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Pascalian Meditations Paperback – February 1, 2000

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Editorial Reviews

Review

"This book will surely endure a a major classic of late twentieth-century social theory."_—Philosophy in Review


"This latest book by France's preeminent sociologist provides a compact presentation of his concerns, methods, and leading concepts. . . . The book will be an excellent introduction to Bourdieu's fruitful thought for philosophers and social theorists."—Ethics

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A synthesis of forty years’ work by France’s leading sociologist, this book pushes the critique of scholarly reason to a new level. It is a brilliant example of Bourdieu’s unique ability to link sociological theory, historical information, and philosophical thought.
Pascalian Meditations makes explicit the presuppositions of a state of “scholasticism,” a certain leisure liberated from the urgencies of the world. Philosophers, unwilling to engage these presuppositions in their practice, have brought them into the order of discourse, not so much to analyze them as to legitimate them. This situation is the primary systematic, epistemological, ethical, and aesthetic error that Bourdieu subjects to methodological critique.
This critique of scholarly reason is carried out in the name of Pascal because he, too, pointed out the features of human existence that the scholastic outlook ignores: he was concerned with symbolic power; he refused the temptation of foundationalist thinking; he attended (without populist naïveté) to “ordinary people”; and he was determined to seek the raison d’être of seemingly illogical behavior rather than condemning or mocking it.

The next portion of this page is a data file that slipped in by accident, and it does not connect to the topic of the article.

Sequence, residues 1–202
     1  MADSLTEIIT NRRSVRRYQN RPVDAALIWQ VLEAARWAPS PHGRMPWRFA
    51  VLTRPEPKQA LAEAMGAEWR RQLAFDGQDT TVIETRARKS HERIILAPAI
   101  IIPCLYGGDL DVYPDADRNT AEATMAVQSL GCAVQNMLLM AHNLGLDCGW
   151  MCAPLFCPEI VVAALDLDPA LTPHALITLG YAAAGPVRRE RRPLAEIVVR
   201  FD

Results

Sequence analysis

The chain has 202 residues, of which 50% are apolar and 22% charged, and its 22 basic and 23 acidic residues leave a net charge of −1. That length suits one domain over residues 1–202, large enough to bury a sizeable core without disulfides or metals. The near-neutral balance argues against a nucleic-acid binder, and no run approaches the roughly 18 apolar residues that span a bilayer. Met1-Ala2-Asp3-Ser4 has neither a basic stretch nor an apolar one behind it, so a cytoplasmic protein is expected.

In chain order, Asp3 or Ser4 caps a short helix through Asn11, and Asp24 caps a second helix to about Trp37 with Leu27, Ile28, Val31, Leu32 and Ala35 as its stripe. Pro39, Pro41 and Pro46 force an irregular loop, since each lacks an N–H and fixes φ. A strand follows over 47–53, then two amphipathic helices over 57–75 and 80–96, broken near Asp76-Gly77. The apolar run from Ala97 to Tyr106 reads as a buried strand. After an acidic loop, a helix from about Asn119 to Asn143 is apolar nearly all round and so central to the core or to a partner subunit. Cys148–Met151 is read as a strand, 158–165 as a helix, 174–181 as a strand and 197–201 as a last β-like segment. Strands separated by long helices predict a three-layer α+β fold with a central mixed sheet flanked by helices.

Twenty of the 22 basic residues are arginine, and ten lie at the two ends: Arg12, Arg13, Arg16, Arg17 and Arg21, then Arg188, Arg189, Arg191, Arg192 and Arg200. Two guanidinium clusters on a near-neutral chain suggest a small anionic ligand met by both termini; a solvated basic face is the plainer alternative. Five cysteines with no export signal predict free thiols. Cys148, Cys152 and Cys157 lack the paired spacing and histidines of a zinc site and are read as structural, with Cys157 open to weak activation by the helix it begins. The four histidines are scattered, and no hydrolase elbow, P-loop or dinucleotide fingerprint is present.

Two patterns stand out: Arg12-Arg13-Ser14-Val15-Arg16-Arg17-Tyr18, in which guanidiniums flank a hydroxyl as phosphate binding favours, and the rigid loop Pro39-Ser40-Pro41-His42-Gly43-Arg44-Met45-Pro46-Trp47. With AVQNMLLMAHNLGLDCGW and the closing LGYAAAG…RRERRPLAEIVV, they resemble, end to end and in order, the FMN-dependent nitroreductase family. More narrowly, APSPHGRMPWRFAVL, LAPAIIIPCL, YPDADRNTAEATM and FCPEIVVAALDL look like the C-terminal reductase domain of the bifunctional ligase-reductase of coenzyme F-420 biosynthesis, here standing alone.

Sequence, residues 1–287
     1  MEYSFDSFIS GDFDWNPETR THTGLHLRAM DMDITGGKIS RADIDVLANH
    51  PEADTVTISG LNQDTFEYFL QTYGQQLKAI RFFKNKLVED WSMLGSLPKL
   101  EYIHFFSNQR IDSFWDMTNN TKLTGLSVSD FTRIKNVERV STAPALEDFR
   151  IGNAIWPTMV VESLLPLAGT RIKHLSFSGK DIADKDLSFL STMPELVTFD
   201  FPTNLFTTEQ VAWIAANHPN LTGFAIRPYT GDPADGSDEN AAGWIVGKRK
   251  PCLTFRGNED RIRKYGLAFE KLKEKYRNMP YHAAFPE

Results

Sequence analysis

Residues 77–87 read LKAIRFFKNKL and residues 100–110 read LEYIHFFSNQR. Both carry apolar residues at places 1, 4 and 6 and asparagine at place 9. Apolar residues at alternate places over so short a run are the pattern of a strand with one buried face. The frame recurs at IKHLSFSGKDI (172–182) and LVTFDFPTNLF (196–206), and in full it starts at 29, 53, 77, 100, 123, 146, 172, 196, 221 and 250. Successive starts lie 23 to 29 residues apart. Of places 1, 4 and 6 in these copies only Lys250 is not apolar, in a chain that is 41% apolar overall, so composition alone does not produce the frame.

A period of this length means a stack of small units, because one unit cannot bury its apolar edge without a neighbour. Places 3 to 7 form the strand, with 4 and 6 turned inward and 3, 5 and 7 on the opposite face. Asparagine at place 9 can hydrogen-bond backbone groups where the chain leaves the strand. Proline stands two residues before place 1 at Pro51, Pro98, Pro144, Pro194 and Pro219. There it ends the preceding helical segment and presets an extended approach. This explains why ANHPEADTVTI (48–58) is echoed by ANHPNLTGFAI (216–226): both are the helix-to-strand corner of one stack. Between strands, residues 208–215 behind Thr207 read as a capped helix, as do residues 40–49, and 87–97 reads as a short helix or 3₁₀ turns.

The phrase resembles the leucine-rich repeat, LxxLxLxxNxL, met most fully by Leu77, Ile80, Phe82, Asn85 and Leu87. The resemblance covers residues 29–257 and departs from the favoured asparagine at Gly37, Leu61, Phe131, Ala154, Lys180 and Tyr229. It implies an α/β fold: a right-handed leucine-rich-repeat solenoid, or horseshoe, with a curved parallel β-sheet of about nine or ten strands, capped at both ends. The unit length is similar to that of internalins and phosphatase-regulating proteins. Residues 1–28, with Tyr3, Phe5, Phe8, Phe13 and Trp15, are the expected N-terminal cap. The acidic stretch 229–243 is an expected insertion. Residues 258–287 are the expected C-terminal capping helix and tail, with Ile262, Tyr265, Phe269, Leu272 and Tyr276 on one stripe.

Through this critique, Bourdieu charts a negative philosophy that calls into question some of our most fundamental presuppositions, such as a “subject” who is free and self-aware. This philosophy, with its intellectual debt to such other “heretical” philosophers as Wittgenstein, Austin, Dewey, and Peirce, renews traditional questioning of the concepts of violence, power, time, history, the universal, and the purpose and direction of existence.
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Product Details

  • Paperback: 264 pages
  • Publisher: Stanford University Press (February 1, 2000)
  • Language: English
  • ISBN-10: 0804733325
  • ISBN-13: 978-0804733328
  • Product Dimensions: 6 x 0.7 x 9 inches
  • Shipping Weight: 15.2 ounces (View shipping rates and policies)
  • Average Customer Review: 4.8 out of 5 stars  See all reviews (4 customer reviews)
  • Amazon Best Sellers Rank: #980,157 in Books (See Top 100 in Books)

More About the Author

Pierre Bourdieu (1930-2002) was one of the most influential social scientists of the twentieth century. A professor of sociology at the Collège de France, he is the author of thirty-six books, including Distinction, named one of the twentieth century's ten most important works of sociology.

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1 of 1 people found the following review helpful By Jeffrey Rubard on June 24, 2014
Format: Paperback